Portland State’s women’s golf team placed sixth at the Boise State Bronco Fall Classic on Oct. 20 and 21, the last tournament of the fall season. Sixteen schools attended the fall showdown, including several Big Sky Conference teams. The closest Big Sky team to the Vikings was Eastern Washington, which placed eighth, 17 strokes behind.
Ninety golfers played in the two-day event, 18 holes each day for each player. The team format of collegiate golf has each school with five players. Only the four best scores are kept, and the day total of all four golfers is the score for that school.
On the first day the women shot 311, and the second day 313. Compared to last year’s team average in the high 320s, this Viking team is remarkably better. In fact, the team average at the end of fall this year is 314.14, 12 strokes better than last year, or a three-stroke-per-person improvement.
With only 24 strokes between the first six schools, head coach Felica Johnson said, “We’re not satisfied with only sixth place, we want to win. By spring our goal is to shoot 310 or better.”
In the finicky world of golf, a few strokes is the difference between a good showing and first-place finish. On the par-72 course, Taya Battistella shot 75-75 for a 150 eighth-place finish. On her way to a second consecutive 75, Battistella had 3 bogeys in row, and the first day she was 1 under par after 16 holes.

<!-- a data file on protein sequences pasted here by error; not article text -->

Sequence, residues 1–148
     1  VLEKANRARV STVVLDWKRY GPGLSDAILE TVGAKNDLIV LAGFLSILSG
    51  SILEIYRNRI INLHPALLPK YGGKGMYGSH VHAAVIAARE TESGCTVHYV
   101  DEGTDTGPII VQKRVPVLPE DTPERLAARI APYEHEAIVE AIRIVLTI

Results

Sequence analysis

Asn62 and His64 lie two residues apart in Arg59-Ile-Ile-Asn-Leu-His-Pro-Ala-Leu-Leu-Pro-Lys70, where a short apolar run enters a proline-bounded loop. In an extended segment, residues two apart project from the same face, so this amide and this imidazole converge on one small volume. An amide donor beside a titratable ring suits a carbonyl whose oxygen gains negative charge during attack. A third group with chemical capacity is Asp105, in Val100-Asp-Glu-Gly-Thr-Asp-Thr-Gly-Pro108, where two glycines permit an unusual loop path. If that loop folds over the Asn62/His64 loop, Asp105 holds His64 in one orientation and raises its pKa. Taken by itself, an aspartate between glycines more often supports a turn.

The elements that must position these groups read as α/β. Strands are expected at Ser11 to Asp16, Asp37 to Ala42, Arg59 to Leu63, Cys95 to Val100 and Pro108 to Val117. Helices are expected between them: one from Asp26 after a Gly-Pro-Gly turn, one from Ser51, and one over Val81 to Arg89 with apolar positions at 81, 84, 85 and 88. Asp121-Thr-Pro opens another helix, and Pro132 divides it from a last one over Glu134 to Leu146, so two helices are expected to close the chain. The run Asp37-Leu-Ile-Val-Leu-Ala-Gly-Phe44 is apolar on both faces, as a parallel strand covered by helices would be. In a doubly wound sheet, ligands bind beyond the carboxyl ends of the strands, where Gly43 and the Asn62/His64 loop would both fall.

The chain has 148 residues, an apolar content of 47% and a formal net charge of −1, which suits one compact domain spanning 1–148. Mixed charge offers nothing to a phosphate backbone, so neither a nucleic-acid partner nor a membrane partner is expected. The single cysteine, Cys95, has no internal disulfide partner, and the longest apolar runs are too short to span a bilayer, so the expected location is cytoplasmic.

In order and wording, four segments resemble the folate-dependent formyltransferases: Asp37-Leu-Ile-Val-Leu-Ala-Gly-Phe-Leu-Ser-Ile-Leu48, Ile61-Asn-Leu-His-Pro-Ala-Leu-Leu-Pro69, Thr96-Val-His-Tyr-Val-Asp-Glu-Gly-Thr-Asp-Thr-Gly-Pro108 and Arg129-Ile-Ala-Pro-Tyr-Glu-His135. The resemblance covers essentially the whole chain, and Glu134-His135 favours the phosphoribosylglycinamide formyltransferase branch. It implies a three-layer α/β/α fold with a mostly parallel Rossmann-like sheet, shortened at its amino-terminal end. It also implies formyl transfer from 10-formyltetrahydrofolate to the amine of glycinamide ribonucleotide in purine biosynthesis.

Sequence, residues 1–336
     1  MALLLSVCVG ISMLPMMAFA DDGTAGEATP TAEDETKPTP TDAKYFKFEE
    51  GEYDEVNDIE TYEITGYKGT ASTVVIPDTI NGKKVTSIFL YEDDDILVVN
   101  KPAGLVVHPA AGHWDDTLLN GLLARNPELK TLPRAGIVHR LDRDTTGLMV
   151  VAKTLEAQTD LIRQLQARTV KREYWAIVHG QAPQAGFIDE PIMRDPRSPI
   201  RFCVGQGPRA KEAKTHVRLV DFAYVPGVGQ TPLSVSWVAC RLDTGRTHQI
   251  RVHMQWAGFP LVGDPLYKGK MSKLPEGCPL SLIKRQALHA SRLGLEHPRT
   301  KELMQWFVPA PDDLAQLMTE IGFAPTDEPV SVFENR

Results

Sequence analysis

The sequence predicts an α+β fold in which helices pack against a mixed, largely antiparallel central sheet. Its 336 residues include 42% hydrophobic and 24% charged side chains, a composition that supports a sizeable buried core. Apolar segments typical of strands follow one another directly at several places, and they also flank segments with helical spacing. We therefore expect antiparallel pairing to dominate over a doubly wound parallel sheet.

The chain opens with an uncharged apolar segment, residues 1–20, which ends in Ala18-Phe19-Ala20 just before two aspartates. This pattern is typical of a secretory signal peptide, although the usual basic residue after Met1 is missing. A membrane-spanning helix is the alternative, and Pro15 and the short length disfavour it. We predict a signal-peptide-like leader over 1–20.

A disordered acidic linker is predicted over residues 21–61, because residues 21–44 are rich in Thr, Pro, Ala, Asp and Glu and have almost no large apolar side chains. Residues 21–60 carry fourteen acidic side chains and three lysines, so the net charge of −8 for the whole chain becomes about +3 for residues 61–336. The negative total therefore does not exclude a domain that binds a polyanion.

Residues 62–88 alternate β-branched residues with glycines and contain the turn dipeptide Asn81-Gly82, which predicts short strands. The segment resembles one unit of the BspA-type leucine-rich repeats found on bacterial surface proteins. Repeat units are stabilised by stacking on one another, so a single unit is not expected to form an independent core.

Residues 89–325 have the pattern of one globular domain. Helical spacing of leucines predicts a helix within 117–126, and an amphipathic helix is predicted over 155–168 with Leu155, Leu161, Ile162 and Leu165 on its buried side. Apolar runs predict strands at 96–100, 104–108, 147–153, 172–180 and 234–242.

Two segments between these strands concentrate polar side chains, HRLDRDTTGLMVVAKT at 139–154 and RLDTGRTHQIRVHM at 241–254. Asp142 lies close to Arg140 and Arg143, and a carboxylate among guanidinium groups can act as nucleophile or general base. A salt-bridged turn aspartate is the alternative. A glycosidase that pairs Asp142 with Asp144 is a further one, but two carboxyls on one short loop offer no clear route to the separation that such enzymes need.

Previous Big Sky Conference golfer of the week Sarah Tiller shot 75-80 for a 155 20th-place finish. Tiller was 2 under par going into the 16th hole on the first day, and after shooting a 1 under par at the Northern Arizona Invitational, it seems she is improving from tournament to tournament.
Rebecca Randolph also shot an 81-74 – 155 total for 20th place – but the 74 on the second day was solid. She had two bogeys that were three puts and one bogey was a missed green. Each bogey was more mental than physical and shows Randolph has plenty of room to lower her score. Jenna Lee shot 80-84 for a 164 and tied for 52nd place.
Johnson was pleased with the women’s performance but noted that Battistella, Tiller and Randolph – if they had avoided a few costly bogeys at the end – could have realistically saved seven strokes and placed 3rd. With this kind of room for improvement, it is obvious that the women can reach their spring goal of 310 or better.
“My job is preparation,” Johnson said. And because each golfer is different and “the actual time of play is 1 minute, 30 seconds, preparation is key.”
The women’s next tournament is not until February, and their spring goal is the conference championship. In a sport that has a “who you know” organization to it, “a conference championship is a must,” Johnson explains.
The former Pac-10 player and coach also emphasizes that “post-season success is determined by strength of schedule,” and strength of schedule is determined by success in tournaments, conference championships and “who you know.”